Less than a year after General Electric Co. (GE) combined its oilfield business with Baker Hughes Inc., which created the second largest oilfield services (OFS) company by revenue, the venture appears to be paying dividends, while the backlog grows and costs decline.
In a conference call Friday led by CEO Lorenzo Simonelli, the management team for Baker Hughes, a GE company (BHGE), discussed first quarter results in a call that came shortly after No. 1 operator, Schlumberger Ltd., issued its report, citing growing optimism for the OFS sector.
Simonelli, who took the helm when the combination was completed last summer, also sees more blue skies, not only for the OFS business but also a growing liquefied natural gas (LNG) market.
“We made strong progress in the quarter, securing several key commercial wins, executing on our synergy targets and delivering for our customers,” Simonelli said. “In the first quarter, we delivered $5.2 billion in orders and $5.4 billion in revenue. As expected, we saw growth in our shorter-cycle businesses and declines in our longer-cycle businesses versus the previous year.”
A lot of the expansion now and in the future is tied to U.S. unconventionals growth in oil and natural gas.
“In the oil market we see global demand rising at a steady pace, driven by an improved gross domestic product outlook for the United States and Europe,” the CEO told investors. “In Asia alone, strong economic growth is expected to add nearly 1 million b/d of demand in 2018.
“On the supply side, U.S. production grew to more than 10 million b/d, with first quarter average production up 7% versus the fourth quarter of 2017, driven mostly by shale.”
Giving a nod to the Organization of the Petroleum Exporting Countries, i.e. OPEC, and ally Russia, which have committed to production cuts to the end of this year, Simonelli said the draw on U.S. crude inventories “have pulled stocks closer to the five-year average. These factors have resulted in a market equilibrium, which we expect will keep crude prices relatively rangebound in 2018.”
Recent price stability “has resulted in a customer spend forecast that shows solid year/year growth for our short-cycle businesses, particularly in North America, where operators continue to grow rig count and well counts.”
Exploration and production customers are expected to increase their upstream capital expenditures (capex), with a caveat, he said.
“We continue to see them focused on capital discipline and limiting their capex spend to within their operating cash flows. We are seeing this both internationally and with the large independents in the United States.”
Meanwhile, BHGE is readying for a steady global energy shift to natural gas. BHGE expects LNG demand to more than double to 500 million metric tons/year (mmty) by 2030, “growing at a pace of 4-5% per year,” Simonelli said.
“We saw demand growth well above that projected pace in 2017,” as global LNG imports were up 11% from 2016. Import volumes were up again in the first quarter “with global imports up 9% versus the first quarter of 2017.”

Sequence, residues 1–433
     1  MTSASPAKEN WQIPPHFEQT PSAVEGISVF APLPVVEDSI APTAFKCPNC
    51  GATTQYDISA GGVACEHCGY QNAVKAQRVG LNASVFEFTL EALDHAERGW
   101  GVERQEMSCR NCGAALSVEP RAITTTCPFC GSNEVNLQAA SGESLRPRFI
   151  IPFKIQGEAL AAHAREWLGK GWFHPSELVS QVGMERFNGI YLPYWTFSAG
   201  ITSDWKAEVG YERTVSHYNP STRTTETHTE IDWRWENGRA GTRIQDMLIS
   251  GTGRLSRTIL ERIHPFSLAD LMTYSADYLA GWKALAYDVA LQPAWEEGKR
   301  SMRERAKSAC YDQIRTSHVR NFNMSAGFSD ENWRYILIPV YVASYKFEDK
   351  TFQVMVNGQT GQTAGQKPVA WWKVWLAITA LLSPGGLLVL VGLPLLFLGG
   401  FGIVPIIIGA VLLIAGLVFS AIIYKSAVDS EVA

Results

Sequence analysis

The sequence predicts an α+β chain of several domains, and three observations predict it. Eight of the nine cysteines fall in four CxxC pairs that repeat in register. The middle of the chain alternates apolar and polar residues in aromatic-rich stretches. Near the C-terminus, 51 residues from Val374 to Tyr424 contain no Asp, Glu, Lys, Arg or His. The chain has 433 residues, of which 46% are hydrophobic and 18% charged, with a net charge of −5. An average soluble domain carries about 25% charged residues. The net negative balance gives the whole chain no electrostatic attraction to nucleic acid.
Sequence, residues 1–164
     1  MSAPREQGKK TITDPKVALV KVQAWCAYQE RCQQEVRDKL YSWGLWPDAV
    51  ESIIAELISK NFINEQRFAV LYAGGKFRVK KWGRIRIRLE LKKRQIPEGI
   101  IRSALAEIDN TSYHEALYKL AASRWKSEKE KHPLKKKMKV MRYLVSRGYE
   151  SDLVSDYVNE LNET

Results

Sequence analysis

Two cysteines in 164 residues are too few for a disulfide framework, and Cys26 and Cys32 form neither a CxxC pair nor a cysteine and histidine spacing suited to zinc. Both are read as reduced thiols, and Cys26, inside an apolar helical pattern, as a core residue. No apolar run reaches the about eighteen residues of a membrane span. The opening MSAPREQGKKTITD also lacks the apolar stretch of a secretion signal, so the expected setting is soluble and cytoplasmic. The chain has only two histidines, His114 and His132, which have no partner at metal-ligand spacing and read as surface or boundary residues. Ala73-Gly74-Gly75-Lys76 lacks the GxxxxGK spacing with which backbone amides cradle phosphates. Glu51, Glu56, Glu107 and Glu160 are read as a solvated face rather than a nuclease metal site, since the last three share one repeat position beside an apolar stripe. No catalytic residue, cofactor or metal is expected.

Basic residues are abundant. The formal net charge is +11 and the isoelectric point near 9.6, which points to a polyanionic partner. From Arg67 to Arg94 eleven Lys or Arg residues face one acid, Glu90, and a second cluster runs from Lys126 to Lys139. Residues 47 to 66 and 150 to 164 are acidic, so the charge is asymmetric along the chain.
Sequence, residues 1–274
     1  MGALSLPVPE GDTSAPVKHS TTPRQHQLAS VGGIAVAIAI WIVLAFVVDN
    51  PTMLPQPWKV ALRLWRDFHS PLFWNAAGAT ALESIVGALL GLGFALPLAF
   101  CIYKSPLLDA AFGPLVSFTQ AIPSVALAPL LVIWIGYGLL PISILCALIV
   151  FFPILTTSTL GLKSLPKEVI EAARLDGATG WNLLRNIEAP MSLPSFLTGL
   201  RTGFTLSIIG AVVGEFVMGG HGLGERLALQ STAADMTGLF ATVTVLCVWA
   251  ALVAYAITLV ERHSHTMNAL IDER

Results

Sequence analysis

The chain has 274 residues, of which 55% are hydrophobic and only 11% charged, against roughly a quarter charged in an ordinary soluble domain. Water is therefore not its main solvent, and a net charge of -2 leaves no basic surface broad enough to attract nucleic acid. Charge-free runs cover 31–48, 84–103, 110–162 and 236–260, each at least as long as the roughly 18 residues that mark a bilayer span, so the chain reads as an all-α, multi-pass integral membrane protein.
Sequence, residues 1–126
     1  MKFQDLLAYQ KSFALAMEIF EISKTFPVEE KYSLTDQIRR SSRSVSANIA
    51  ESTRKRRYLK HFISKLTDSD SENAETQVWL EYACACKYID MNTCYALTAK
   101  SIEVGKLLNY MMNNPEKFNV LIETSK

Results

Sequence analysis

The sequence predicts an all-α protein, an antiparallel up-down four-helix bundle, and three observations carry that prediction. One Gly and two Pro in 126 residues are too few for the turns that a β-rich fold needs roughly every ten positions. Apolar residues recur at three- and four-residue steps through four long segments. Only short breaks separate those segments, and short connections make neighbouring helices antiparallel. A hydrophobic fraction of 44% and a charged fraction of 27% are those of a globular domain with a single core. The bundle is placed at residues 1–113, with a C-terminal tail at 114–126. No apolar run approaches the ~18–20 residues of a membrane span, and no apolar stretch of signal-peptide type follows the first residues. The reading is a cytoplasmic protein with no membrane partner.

Increasing LNG demand, coupled with the dearth of project final investment decisions (FID), “point to the LNG supply-demand balance tightening,” said the CEO. “Market data suggests that new LNG capacity is required in the early to mid next decade to meet demand, which should translate to project FIDs for which we are well-positioned.”
BHGE’s outlook for LNG “is becoming increasingly positive,” but “we did not see any project FIDs in the first quarter. We expect projects will begin to move as we progress through 2018.”
Meanwhile, the priorities for the bread-and-butter OFS unit remain unchanged: focus on building market share and product lines.
“In our OFS segment, we continue to focus on growing share in key markets, including North America and the Middle East, through leading technology and services and flawless execution for customers. This quarter, we secured several critical commercial wins, and our synergy efforts led to improved margin rates.”
During 1Q2018, BHGE delivered $144 million of synergies through the Baker-GE combination, and the 2018 total year commitment of $700 million “remains firmly on track,” the CEO said.
Orders for the quarter totaled $5.238 billion, down 8% sequentially and up 9% y/year. The sequential decrease was blamed on seasonality, with equipment orders down 14% and service orders off 4%. However, from a year ago, equipment orders were up 9% and service orders climbed 8%.
The company’s total book-to-bill ratio in 1Q2018 was 1.0; equipment book-to-bill ratio in the first quarter was 0.9. Backlog in the first quarter ended at $22.2 billion, a sequential increase of $1.2 billion or 6%. The equipment backlog was $5.4 billion, up 1% sequentially. Services backlog was $16.8 billion, about $1.1 billion higher from 4Q2017, or 7% sequentially.
Net income was $70 million (17 cents/share) in 1Q2018. Revenue totaled $5.4 billion. North America revenue totaled $1.094 billion in the quarter, flat sequentially, while international revenue fell 6% from the fourth quarter to $1.584 billion.
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